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This is a beautiful one-handled dessert serving dish or "shell" dish made by Bloor Derby in about 1825 in the Regency era, and painted with floral sprigs by Moses Webster. These dishes were to serve dessert, and the handle makes it convenient to pass around the table.


The Derby factory, later reshaped into Royal Crown Derby, is currently the oldest British porcelain factory still in production. Derby was one of the most prominent potteries right from the start of English porcelain production in the mid 1700s to today. Their items are of exceptionally high quality and many of the designs have become iconic, particularly the Imari designs; many of these are still being made today. Derby made many exciting designs in the Regency era, and when Robert Bloor bought the factory he initiated many elaborate designs. This dish was painted in abotu 1825, when the company was called "Bloor Derby".


Derby became famous for very fine flower paintings, and the decoration of very finely painted flower garlands and beautiful bouquet in the centre of the plate is a testament to that. The flowers were painted by Moses Webster, who spent most of his life working for Derby (from about 1825 to his death in 1870).


Webster worked at Worcester for a short period between 1821 and 1825, however he didn't like it there as he was not allowed to paint roses, which were his favourite flower and which he had learned to paint from the famous William Billingsley. He kept smuggling in roses, and one day one of his fellow young painters put this impromptu on his work bench: 


“If Moses composes

His posies of roses

Of sweeter he can’t them compose;

No flower else that grows

Can compare with the rose,

If you doubt it consult your own nose.”

(Flight and Barr Worcester Porcelain by Henry Sandon, page 209)


This dish is marked with the red Derby mark that was used between 1806 and 1825.


CONDITION REPORT The dish is in very good condition without any damage or repairs, however it is crazed throughout, as visible in the pictures. There are two small firing cracks in the rim, one of which is shown in the last picture. These do not stand out at all and happened during production.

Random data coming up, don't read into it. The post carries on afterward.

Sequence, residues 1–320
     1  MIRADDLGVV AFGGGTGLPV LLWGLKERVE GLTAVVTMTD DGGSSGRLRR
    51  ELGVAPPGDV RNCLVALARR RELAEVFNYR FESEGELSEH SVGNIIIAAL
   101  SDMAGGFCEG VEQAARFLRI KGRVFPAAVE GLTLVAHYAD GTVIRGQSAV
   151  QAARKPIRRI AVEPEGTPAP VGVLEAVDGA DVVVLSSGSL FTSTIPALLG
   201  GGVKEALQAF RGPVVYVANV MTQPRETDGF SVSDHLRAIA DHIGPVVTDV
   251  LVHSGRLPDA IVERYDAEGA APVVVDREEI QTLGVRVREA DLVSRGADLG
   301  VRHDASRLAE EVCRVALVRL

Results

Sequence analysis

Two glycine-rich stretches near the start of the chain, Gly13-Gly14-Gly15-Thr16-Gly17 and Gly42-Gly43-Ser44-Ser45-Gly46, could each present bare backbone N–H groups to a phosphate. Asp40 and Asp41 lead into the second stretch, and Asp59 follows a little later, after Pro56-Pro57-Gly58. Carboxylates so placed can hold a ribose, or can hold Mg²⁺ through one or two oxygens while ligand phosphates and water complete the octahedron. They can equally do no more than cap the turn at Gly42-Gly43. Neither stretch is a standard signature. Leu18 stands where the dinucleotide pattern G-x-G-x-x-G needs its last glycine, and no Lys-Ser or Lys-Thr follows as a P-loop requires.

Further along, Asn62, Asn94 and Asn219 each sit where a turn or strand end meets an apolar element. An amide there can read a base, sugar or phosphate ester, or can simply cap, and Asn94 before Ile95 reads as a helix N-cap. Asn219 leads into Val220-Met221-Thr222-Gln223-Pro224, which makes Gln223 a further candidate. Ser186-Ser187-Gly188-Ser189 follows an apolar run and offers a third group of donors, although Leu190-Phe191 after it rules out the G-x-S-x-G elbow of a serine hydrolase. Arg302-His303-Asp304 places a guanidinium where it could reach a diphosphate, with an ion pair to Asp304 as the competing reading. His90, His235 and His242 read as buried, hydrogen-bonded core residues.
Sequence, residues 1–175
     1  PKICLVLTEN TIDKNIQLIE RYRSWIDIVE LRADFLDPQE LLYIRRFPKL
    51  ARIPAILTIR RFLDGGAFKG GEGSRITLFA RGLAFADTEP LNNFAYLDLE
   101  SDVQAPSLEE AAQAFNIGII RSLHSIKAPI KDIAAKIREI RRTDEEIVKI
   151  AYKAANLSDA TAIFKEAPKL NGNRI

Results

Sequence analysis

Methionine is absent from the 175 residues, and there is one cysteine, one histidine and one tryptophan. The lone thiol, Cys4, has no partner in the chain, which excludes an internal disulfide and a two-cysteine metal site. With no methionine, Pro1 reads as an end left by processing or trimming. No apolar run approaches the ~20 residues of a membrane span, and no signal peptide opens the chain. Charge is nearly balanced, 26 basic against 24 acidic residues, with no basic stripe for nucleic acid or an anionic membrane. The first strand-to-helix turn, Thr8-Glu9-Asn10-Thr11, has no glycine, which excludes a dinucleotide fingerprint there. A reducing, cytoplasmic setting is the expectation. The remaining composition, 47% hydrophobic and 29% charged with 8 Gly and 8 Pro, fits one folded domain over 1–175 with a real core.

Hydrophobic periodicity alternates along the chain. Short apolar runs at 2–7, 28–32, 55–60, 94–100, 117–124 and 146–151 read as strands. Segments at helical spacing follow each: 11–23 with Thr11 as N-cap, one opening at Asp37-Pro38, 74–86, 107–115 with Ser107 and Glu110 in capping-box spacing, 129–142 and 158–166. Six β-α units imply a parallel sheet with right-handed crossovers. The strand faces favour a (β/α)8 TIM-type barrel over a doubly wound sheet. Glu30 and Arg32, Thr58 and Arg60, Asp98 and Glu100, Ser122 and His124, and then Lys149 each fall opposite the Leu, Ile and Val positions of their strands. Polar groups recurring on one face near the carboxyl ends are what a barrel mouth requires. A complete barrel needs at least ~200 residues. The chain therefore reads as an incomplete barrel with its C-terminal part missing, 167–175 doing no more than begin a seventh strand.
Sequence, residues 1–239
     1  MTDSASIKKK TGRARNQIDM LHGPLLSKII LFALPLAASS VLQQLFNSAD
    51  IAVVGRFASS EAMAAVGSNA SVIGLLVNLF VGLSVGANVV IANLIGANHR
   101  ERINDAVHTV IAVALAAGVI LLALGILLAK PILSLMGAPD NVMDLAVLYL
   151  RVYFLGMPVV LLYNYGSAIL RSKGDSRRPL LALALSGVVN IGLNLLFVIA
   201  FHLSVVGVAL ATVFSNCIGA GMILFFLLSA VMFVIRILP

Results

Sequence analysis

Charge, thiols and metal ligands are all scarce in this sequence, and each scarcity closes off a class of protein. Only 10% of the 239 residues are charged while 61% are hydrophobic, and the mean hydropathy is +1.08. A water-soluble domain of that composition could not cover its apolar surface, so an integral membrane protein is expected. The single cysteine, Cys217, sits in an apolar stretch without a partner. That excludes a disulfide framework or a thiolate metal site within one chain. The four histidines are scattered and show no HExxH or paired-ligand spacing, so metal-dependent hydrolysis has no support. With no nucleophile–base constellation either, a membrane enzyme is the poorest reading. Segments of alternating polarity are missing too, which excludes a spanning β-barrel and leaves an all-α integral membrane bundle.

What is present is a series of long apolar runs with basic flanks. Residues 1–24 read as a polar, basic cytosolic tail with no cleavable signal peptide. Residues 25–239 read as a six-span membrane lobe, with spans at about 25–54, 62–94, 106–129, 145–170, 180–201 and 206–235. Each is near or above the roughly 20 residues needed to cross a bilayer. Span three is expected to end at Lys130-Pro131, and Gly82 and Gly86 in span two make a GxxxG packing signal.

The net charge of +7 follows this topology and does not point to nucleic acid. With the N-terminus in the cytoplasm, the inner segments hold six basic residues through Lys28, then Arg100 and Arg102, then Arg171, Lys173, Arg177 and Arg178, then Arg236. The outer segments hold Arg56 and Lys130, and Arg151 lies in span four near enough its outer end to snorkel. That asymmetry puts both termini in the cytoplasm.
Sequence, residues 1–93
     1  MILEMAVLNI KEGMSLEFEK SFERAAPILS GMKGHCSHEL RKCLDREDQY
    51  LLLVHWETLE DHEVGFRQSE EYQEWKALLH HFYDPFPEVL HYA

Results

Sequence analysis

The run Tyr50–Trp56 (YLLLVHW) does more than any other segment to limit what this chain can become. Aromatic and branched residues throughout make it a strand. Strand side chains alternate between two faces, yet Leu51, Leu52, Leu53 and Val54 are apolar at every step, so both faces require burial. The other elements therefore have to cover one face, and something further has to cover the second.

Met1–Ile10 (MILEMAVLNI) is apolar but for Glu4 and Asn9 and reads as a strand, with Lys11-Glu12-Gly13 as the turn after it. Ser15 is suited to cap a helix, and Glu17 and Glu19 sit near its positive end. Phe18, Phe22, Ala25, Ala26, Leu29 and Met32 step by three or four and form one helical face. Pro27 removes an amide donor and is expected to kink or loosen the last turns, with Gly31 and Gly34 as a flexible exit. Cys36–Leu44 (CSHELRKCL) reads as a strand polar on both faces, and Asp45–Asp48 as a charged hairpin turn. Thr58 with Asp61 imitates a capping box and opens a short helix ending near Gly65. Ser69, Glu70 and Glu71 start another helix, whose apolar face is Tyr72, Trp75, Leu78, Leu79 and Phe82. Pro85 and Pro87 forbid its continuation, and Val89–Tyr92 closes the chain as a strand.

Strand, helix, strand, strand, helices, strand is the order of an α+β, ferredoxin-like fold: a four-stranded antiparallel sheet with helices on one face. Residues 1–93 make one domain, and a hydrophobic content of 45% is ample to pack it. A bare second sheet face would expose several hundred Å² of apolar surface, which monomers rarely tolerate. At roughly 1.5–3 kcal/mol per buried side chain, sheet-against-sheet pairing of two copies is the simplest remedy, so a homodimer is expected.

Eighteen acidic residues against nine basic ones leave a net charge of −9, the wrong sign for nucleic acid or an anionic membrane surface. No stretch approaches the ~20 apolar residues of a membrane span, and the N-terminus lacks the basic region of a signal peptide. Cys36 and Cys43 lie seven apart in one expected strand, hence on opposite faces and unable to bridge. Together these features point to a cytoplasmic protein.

Antique British porcelain is never perfect. Kilns were fired on coal in the 1800s, and this meant that china from that period can have some firing specks from flying particles. British makers were also known for their experimentation, and sometimes this resulted in technically imperfect results. Due to the shrinkage in the kiln, items can have small firing lines or develop crazing over time, which should not be seen as damage but as an imperfection of the maker's recipes, probably unknown at the time of making. Items have often been used for many years and can have normal signs of wear, and gilt can have signs of slight disintegration even if never handled. I will reflect any damage, repairs, obvious stress marks, crazing or heavy wear in the item description but some minor scratches, nicks, stains and gilt disintegration can be normal for vintage items and need to be taken into account.


There is widespread confusion on the internet about the difference between chips and nicks, or hairlines and cracks. I will reflect any damage as truthfully as I can, i.e. a nick is a tiny bit of damage smaller than 1mm and a chip is something you can easily see with the eye; a glazing line is a break in the glazing only; hairline is extremely tight and/or superficial and not picked up by the finger; and a crack is obvious both to the eye and the finger. Etcetera - I try to be as accurate as I can and please feel free to ask questions or request more detailed pictures!


DIMENSIONS 21cm (8.25") X 23.5cm (9.25")


Bloor Derby shell dish, floral sprigs by Moses Webster, ca 1825



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    We always aim to have happy customers so if you have an issue with or questions about your item, please contact us and we will do anything we can to resolve the issue with you! 

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